2021 Summary of Preserve Birding Activity

The Lakeshore Nature Preserve hosted 197 species of birds during 2021, providing a rich experience for recreational birders, students and researchers. With its wide variety of habitats: woodland, old field, prairie, wetland and lake, the Preserve is an important stop-over for migrating song birds and waterfowl, as well as habitat for year-round and summer breeding species. View a list of avian species observed in the Preserve during 2021.

The large number of bird observations made in the Preserve over the year, combined with citizen-science reporting via Cornell University’s eBird, provides a detailed and comprehensive view of bird activity. For example, these observations show the arrival and departure dates of several of the New World Warblers (Parulidae) that migrate through the preserve in spring and fall, stopping long enough to feed. Also shown is the Yellow Wabler (Setophaga petechia), a summer resident that has been observed breeding in the Preserve.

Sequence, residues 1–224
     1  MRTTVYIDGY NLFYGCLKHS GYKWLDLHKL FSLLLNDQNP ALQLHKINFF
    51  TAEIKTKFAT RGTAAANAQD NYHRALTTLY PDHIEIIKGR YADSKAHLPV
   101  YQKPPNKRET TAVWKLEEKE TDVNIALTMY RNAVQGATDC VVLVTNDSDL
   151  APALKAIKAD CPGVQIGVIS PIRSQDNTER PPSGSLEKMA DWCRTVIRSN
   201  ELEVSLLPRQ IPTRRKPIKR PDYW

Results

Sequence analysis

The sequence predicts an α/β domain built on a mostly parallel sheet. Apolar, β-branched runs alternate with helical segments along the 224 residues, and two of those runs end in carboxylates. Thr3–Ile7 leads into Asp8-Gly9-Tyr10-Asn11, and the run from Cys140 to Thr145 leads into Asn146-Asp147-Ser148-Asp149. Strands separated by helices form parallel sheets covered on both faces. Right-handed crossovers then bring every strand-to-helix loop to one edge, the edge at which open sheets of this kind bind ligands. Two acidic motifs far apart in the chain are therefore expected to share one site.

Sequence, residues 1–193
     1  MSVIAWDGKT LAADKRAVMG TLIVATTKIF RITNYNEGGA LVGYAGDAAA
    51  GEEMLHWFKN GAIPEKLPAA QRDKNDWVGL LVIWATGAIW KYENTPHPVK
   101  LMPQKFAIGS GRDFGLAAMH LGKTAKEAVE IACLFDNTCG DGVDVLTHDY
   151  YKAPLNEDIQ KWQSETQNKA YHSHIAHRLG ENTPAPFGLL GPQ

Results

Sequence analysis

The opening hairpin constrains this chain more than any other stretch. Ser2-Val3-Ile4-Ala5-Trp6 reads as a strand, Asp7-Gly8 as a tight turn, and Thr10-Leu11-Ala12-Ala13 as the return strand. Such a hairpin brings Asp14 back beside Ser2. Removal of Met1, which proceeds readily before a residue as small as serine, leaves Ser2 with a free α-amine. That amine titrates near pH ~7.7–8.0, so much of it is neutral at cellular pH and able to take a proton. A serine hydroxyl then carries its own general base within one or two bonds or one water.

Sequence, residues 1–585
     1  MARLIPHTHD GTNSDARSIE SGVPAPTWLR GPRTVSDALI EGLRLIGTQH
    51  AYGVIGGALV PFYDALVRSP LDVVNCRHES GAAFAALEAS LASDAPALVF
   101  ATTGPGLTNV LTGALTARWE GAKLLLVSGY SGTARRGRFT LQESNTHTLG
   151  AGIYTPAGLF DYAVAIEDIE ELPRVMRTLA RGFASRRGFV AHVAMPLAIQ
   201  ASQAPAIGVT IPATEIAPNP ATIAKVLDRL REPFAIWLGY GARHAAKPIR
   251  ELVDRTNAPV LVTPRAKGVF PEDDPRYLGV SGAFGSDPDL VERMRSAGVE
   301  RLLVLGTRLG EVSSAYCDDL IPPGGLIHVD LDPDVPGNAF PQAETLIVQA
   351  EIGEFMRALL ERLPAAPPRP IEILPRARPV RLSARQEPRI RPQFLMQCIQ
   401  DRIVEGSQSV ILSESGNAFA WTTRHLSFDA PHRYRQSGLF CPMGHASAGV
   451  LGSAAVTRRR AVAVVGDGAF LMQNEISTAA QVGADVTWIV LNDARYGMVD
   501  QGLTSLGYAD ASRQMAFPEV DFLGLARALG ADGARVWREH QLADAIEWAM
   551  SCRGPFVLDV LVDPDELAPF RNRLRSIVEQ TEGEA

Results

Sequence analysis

Cornell University – eBird

The shores of Lake Mendota, and especially University Bay are also important stop-overs for migrating waterfowl. While the ever-popular Tundra and Trumpeter Swans arrive in late fall to feed for weeks and are seen by hundreds of birders and the public, less well known are are species like the Northern Shoveler (Spatula clypeata) with flocks of five hundred or more stopping on the Bay for a day or two in early December as they migrate south. Also rarely seen are species like the American Avocet (Recurvirostra americana) seen feeding at the mouth of Willow Creek.

Throughout the Lakeshore Nature Preserve, even a casual observer is likely to see unusual bird activity such as this from 2021: a Turkey Vulture (Cathartes aura) sunning in a treetop along the main entrance to Picnic Point; an immature Barred Owl (Strix varia) recently emerged from it’s nest in Bill’s Woods; Tree Swallows (Tachycineta bicolor) competing for nest space near the Biocore Prairie.